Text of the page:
"Stagnant" & "Down" Options Trading Scenarios

By: John Roney
"Stagnant" Scenario

If we apply the covered call strategy to the stagnant stock scenario, we take a negative return scenario and turn it into a positive. Remember, when we sell an option, we receive a premium for doing so.

When the stock does not move during the option's life, the extrinsic value of the option goes to zero. The money paid for the option goes to the seller. We'll take a look at how this sets up.

Let's go back to our previous example with the stock trading at exactly $9.50. At the first of the month, we sell the at-the-money call, which would be the 10 strike call. We sell the front month 10 strike calls at $.50. As time goes by, there is less chance for the option to become "in-the-money". As this happens, the extrinsic value lessens and finally, after Friday expiration, the option is worthless.

The stock finishes at $10.00 and you have received no capital appreciation but you have received the full $.50 of extrinsic value from the option sale. If the studies are correct and selling the premium works 80% of the time, then you will collect approximately $4.00 per contract sold over a year.

As the examples demonstrate, writing covered calls against a stagnant stock can provide you with an acceptable return instead of frustration, wasted time and capital.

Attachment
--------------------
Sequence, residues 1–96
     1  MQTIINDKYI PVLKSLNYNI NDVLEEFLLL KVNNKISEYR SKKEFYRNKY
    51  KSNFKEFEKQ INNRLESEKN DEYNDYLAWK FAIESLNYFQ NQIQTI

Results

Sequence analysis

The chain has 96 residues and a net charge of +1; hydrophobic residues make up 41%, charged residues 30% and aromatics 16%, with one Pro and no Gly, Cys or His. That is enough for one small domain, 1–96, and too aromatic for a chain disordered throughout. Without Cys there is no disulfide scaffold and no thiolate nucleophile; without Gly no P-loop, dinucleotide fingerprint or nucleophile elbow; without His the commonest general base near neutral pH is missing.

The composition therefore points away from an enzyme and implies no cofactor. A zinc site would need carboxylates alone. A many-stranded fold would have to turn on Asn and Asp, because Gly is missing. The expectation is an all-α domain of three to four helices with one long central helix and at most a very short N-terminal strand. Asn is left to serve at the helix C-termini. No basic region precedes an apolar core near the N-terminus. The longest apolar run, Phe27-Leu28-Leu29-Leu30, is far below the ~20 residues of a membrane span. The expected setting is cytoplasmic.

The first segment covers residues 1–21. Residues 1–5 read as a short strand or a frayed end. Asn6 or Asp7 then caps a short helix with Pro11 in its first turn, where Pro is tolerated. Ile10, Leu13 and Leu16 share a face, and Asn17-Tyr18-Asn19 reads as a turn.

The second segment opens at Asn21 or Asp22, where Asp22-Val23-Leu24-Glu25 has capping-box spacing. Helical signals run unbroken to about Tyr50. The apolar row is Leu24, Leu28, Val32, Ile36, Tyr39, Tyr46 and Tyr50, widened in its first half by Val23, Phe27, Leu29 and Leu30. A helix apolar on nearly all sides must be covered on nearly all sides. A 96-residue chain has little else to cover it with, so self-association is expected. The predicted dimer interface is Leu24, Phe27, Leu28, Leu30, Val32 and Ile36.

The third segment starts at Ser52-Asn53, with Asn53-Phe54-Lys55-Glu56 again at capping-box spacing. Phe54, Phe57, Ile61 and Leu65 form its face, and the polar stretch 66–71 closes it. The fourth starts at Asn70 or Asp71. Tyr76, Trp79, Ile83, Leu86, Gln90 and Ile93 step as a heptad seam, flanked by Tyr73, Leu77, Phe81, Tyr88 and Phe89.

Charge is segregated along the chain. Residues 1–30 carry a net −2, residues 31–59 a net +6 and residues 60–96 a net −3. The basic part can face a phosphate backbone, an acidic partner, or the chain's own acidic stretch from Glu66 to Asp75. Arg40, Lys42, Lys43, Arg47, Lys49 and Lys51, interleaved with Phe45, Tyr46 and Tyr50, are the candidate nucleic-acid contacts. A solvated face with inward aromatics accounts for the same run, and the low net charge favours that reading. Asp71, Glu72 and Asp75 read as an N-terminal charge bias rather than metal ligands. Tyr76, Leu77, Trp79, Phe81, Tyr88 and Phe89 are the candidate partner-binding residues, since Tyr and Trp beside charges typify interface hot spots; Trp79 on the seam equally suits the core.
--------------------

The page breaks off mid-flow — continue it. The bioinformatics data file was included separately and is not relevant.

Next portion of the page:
The "Down" Scenario

In the final scenario, where your stock purchase is headed down into negative territory, the covered call strategy can help minimize your losses.

Although picking losers and incurring losses is inescapable, it can be minimized and controlled. Let's take a look at how the buy-write can help us do that.

For example, let's say you bought a stock for $9.50 and at the end of the month the stock had traded down to $8.50, you would have a $1.00 loss on our investment.

However, if you had sold the 10 strike calls for $.50, you would only have a $.50 loss. You would have a $1.00 capital loss in the stock, but a $.50 option gain from selling the option, which would expire worthless.

If you were going to buy the stock anyway and incur a possible loss, it is better to take a $.50 loss than a $1.00 loss. In this down scenario, the option premium received helped to offset the capital loss.

If the stock is down more than the amount you received for selling the call, then the option premium serves as an offset to the loss of the stock.

However, you can still make money in the "down scenario" using the covered strategy if the stock is only down a small amount. There is a scenario in the buy-write strategy where you can profit from owning a stock that is lower than where you bought it.

so in the previous example, you bought a stock for $9.50 and you sold the front month 10 strike calls for $.50. When the stock reaches expiration, the stock finishes down $.20 at $9.30 You would have incurred a $.20 loss on your stock.

However, with the stock at $9.30, the 10 strike call that you sold for $.50 is now worthless. So, you have a $.20 loss on the stock and a $.50 gain from the option premium sold. This leaves you with a gain of $.30 on a stock that is down $.20 since the time you purchased it.

To recap: in our third scenario, the "down scenario," your loss will be offset by the option premium you received, hence your loss will not be as severe. So even though you still may incur a loss, it will be minimized, and minimizing losses is a key to successful investing.

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